Traditional retirement planning doctrine has also suggested that, as retirees age, their exposure to equities ought generally to be reduced. But a recent and important paper from Pfau and Michael Kitces in the Journal of Financial Planning entitled “Reducing Retirement Risk with a Rising Equity Glide-Path” argues that on account of sequence risk, equity exposure should follow a U-shaped path—decreasing as retirement approaches, staying relatively low early in retirement and then gradually increasing as retirees age.
Such an approach has the potential to reduce both the probability and the magnitude of portfolio failure in retirement. They also argue that “for someone willing to pay careful attention to the evolving funding status of their retirement (the present value of their remaining assets divided by the present value of their remaining liabilities), asset allocation can be adjusted dynamically by matching assets to liabilities in coordination with the client's risk capacity and risk aversion, rather than just on an arbitrary path.”
My longtime colleague in this space and a frequent contributor to these pages, Moshe Milevsky of York University (who is also perhaps the world's foremost authority on retirement income planning), vehemently disagrees. Clearly, making one's retirement portfolio allocations isn't easy. But whatever else is true, a major investment setback early in retirement demands careful monitoring and may well require a significant course correction. Setting one's retirement course and expecting to succeed via auto-pilot is simply not an option.
Another recent paper (“How Long Does the Market Think You Will Live? Implying Longevity from Annuity Prices”), this one by three researchers from York University, including Milevsky, uses annuity prices to extract information as to how “the market” views life expectancy probabilities. The paper's main conclusion is that, over the past decade, the markets have been implying an improvement in longevity of about six weeks per year for males and three weeks per year for females.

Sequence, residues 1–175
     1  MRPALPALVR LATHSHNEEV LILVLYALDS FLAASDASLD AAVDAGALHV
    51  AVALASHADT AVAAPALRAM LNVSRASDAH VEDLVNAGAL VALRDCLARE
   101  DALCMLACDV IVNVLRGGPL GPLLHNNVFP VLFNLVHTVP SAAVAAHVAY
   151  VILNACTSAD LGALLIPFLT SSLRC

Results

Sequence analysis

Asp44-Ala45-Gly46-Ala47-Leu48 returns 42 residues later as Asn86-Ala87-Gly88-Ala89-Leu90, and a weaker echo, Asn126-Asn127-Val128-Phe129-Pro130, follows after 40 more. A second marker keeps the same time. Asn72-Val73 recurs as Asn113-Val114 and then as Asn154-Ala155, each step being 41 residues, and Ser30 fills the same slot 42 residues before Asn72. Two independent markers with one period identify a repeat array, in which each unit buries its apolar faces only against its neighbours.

Thus a 75-year old male who had a 40.1% probability of surviving to age 90 in 2004 had a 46.1% likelihood in 2013. For females, the comparable probabilities were 51.2% and 53.1%. This increasing longevity risk demands active management—about the timing and purchase of guaranteed income, about various projection assumptions and more.
Increasing life expectancies and generally improved health among retirees have other implications as well. Traditionally, advisors have suggested that an income replacement rate of somewhere between 70-80% of pre-retirement income is generally necessary to maintain a similar lifestyle in retirement. Still, roughly 35% of retirees see no major spending drop in retirement and another 12% spend more in retirement. Therefore, pinpointing the appropriate projected spending amount requires an accurate picture of a retiree's actual expenses as well as the ongoing active management of those expenses throughout retirement.
The major issues that I have highlighted briefly above are not the only ones that require active retirement management (think health care, for example). Yet 89% of Americans recently told Natixis researchers that they were on track to reach their retirement goals even though 54% of them didn't have a plan, and 45% of them couldn't even define those goals. These figures may be the most disconcerting of a host of disconcerting statistics adding up to what the popular press rightly calls the “retirement crisis.”
If we are to have any chance of making substantial progress toward dealing with it, it will begin with active management—not the active management of investment portfolios necessarily, but the active management of retirement planning, choices and actions.